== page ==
Berlin was Babylon, wicked and neon-lit, Europe’s leading artistic centre at the time, feverish in its intensity, still gripped by the consequences of losing the War. It features in Alfred Döblin’s innovative and montage-like 1929 novel, Berlin Alexanderplatz, as well as in early works of Christopher Isherwood, such as Goodbye to Berlin. The many important movies made in the city during the Weimar Republic era include Fritz Lang’s 1927 Metropolis, Pabst’s 1929 Die Büchse der Pandora (Pandora’s Box) and von Sternberg’s 1930 Der Blaue Engel (Blue Angel). Both the Bauhaus art movement (radical styles in architecture, design, photography) and German Expressionist painting (libidinal works by Max Beckman and Otto Dix) were at their peak in Germany’s capital city. For the former mayor of Whanganui, taking the pulse of its urbanity, the city must have been a dizzying experience.
There were other factors as well. As Isherwood wrote of himself using the third-person: ‘To Christopher, Berlin meant boys.’ All the pensions in which Mackay lived, Diamond notes, were located near the city’s gay area—then, as now—in Schöneberg. Diamond describes Berlin’s exuberant sexual life fulsomely, showcasing its social life of balls, bars, publications and manners. There were the gemütlichkeit boy-bars, like Isherwood’s ‘Cosy Corner’. Some nightclubs and cabarets were entirely focused on gay or lesbian custom. Transvestitism was a fairly common manifestation of daily life, as well as featuring frequently in movies. Sex work was often a simple way of increasing income for all genders in a relatively tolerant society. How Mackay approached the rainbow diversity of Berlin’s sexual life is mostly unknown, although there seem to be hints in his newspaper stories.
Written in May 1929 and published a few days after his death under his own name in the New Zealand Herald, the Dominion and the Whanganui Herald, one of Mackay’s final stories was a perceptive and entertaining account of his meetings with several young male German workers—soldiers, students and tailor’s assistants—where he canvasses their opinions on a variety of matters and morals; and draws conclusions. Whatever purpose was behind his acquaintance with them, no detail escaped Mackay’s observation. Diamond quotes from this article liberally, but it deserves to have been reprinted in full, even as an appendix.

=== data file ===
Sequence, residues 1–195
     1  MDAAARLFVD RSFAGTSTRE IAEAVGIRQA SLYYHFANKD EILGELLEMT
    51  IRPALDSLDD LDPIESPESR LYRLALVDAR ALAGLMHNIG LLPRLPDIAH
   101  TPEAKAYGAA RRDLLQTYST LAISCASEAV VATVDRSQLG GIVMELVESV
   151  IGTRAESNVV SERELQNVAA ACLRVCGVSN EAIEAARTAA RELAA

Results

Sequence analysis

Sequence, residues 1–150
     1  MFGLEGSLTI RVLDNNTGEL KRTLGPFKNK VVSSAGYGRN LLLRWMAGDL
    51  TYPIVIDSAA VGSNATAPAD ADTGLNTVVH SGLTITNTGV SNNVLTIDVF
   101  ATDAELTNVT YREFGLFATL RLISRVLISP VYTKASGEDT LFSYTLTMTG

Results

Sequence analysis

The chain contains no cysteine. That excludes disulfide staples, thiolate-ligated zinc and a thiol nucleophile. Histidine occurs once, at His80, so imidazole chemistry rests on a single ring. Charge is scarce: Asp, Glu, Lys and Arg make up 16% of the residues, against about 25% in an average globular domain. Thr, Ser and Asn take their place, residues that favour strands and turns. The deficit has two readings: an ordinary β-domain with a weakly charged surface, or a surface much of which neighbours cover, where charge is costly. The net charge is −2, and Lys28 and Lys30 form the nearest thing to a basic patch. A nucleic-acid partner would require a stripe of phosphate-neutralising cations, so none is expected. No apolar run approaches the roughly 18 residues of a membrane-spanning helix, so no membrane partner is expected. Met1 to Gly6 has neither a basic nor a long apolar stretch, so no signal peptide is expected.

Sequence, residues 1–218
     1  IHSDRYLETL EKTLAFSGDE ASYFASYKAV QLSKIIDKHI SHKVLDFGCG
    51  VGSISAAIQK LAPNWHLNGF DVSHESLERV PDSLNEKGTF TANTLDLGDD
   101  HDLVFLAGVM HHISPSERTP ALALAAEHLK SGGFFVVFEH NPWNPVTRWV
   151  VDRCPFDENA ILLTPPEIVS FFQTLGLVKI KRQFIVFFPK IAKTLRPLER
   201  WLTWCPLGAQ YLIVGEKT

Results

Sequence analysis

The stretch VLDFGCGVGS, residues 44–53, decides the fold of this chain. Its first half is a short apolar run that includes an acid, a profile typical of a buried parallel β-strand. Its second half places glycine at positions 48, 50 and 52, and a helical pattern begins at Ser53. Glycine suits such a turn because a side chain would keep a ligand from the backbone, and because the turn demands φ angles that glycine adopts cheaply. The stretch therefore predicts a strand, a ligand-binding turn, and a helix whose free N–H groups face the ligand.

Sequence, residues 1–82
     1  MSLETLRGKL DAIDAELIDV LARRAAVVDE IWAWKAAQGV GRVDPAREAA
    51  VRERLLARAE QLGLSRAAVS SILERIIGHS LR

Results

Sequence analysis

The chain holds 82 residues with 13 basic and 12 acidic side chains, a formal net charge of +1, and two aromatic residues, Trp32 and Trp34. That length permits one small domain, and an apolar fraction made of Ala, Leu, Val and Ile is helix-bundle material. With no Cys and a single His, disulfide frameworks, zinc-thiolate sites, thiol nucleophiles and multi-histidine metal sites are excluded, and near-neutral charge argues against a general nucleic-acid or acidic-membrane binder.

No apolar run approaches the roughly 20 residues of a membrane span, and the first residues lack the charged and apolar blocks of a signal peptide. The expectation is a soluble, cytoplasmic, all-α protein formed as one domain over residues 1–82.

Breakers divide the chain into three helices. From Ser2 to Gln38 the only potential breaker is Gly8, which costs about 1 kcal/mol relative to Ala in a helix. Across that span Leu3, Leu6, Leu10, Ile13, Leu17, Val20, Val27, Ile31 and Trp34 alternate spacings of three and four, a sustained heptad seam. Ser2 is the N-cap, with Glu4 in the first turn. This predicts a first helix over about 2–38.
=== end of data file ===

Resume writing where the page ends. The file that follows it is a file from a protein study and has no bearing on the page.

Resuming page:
In this despatch, Mackay emphasises the political tensions of the country. ‘Young Germany’, he writes wryly and possibly with innuendo, ‘is liable to go off at half-cock.’ Then, somewhat surprisingly, in a piece written in 1929, he outlines a complete history of future German expansionism under Hitler and the Nazi Party: the incorporation of all surrounding territories that could be considered Germanic (Czechoslovakia, Austria, etc), the ‘overlordship of all countries further east including Poland’, and the reestablishment of German influence in Russia and the exploitation of resources there. There is even talk of settling accounts with France over Alsace-Lorraine and regaining ‘Charlemagne’s Empire’.